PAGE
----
“Once I got to a therapeutic level on my medications, the tonic-clonic seizures mostly ended, but multiple doses of three different anti-epileptic drugs couldn’t control my temporal lobe seizures,” Kalinoski said. “I was frustrated but tried hard not to lose hope. A focal seizure ultimately ended my career, but it led me to brain surgery, which I’m immensely grateful to have had done.”

Three in 10 respondents who have experienced focal seizures indicated their epilepsy is under control with their current treatment plan, compared to half of respondents who have never experienced them. In fact, a quarter of respondents who have had focal seizures said they have gone at least two years seizure-free at some point; meanwhile, nearly half of respondents who haven’t experienced focal seizures have ever gone at least two years without a seizure.

The varying patient journeys of those who have experienced focal onset seizures compared to those who haven’t can lead to different clinical care paths. Specifically, one-third of respondents who have experienced focal seizures said the primary healthcare professional they see for their epilepsy is an epileptologist – a neurologist specializing in epilepsy care – compared to 13% of respondents who haven’t experienced a focal seizure. They are also more likely to have participated in epilepsy clinical trials.

Respondents who have had focal seizures also identified themselves as experiencing a more negative quality of life. Specifically, they were more likely to say the stigma associated with epilepsy has affected their lives. They were also more likely to say they have experienced discrimination, isolation and reduced productivity at work.

“Epilepsy is an immensely varied condition, and people living with epilepsy sometimes find themselves without the detailed information, support, and validation they need,” said Olivier Chateau, Health Union’s co-founder and CEO. “ aims to provide these individuals with a safe, supportive environment as they manage a condition that often includes an array of challenging symptoms and quality of life implications.”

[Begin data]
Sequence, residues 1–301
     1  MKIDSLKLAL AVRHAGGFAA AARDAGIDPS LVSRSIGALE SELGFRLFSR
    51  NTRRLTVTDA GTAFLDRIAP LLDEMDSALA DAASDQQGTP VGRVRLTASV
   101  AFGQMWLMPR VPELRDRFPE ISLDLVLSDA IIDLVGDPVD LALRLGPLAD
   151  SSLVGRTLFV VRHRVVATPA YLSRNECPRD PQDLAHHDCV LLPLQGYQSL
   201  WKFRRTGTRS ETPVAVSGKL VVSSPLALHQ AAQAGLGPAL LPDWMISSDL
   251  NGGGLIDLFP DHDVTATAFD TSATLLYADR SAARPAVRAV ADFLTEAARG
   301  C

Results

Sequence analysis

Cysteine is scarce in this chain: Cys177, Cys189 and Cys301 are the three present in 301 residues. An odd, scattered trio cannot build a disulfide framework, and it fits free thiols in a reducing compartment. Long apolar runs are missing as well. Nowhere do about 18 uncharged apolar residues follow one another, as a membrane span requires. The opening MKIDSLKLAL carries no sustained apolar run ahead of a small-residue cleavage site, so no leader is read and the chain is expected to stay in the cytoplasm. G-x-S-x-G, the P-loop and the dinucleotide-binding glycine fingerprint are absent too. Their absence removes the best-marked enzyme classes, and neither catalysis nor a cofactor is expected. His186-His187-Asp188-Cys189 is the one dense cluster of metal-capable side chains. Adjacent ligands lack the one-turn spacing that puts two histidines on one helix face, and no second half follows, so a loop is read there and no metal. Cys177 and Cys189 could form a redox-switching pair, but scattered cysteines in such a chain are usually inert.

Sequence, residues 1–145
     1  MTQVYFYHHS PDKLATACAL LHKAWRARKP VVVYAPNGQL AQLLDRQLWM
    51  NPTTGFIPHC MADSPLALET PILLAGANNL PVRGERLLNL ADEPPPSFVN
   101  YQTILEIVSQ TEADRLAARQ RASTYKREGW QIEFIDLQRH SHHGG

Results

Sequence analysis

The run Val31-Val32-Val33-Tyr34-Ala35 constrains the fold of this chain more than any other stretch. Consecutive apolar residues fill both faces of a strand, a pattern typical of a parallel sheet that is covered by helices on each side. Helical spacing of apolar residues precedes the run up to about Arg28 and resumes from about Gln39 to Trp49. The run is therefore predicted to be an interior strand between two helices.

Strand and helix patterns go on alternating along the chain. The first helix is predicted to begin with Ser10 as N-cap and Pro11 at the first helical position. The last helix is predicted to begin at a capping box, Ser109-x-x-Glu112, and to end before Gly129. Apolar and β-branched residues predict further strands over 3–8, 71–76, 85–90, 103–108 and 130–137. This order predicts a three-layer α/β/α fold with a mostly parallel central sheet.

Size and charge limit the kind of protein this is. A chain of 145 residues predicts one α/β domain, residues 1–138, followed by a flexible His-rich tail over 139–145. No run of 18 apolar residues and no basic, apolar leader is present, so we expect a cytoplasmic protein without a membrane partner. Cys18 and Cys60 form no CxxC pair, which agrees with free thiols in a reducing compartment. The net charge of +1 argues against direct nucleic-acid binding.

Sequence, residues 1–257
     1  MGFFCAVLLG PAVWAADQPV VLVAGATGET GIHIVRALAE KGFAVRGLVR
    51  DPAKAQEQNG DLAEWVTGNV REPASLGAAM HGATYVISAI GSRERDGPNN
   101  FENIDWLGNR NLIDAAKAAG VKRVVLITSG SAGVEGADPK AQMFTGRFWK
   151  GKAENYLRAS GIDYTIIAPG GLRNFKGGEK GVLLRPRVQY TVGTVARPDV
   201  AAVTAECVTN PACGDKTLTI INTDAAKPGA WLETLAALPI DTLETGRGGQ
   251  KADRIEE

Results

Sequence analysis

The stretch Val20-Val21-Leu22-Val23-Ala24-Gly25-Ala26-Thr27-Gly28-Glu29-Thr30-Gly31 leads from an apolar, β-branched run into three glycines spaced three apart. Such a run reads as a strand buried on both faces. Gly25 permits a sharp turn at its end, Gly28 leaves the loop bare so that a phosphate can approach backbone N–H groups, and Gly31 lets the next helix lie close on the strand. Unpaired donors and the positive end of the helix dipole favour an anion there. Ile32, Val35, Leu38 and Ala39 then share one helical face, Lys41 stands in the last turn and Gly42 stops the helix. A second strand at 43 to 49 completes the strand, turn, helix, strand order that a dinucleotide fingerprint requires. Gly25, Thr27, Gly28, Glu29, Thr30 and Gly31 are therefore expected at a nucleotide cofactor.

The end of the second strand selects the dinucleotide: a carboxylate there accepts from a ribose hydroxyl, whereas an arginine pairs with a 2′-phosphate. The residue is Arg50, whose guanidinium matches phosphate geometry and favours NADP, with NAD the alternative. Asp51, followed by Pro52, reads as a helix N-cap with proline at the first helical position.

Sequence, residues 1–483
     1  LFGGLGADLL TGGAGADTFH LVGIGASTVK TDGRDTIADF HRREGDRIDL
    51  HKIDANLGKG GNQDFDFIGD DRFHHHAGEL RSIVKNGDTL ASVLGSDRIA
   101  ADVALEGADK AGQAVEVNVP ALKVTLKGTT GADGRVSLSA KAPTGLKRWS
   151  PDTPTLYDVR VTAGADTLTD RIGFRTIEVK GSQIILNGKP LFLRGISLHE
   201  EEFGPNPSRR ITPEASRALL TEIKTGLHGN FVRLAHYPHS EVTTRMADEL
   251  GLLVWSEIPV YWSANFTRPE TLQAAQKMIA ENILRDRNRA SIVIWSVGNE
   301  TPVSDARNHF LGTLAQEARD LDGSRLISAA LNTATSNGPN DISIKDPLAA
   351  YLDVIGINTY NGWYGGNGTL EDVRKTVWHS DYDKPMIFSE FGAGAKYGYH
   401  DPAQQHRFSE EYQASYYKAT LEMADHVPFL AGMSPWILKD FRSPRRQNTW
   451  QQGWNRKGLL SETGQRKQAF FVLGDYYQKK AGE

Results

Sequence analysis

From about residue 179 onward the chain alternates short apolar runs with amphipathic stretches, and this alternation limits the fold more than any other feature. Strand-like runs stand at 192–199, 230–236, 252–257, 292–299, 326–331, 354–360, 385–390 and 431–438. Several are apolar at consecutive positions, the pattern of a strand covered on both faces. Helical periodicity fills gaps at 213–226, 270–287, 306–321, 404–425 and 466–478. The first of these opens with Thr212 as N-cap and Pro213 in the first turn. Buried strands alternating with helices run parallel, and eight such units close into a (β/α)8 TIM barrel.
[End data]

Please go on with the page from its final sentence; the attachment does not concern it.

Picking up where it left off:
The inaugural Epilepsy In America survey, which was fielded from Jun. 10 to Aug. 26, 2021, included responses from 415 people living with epilepsy. Additional survey results may be available upon request. More information about living with epilepsy can be found on

About Health Union
Health Union, with the recent acquisition of WEGO Health, maintains the largest team of experts, patient advocates and healthcare leaders dedicated to social health. The company encourages social interactions that evolve into valuable online health conversations, helping people with chronic conditions find the information, connection, and validation they seek. Health Union does this by creating condition-specific online communities – publishing original, daily content and continuously cultivating social conversation – to support, educate and connect millions of people with challenging, chronic health concerns. Health Union’s growing portfolio of condition-specific communities includes 38 online health communities, including,, and

SOURCE Health Union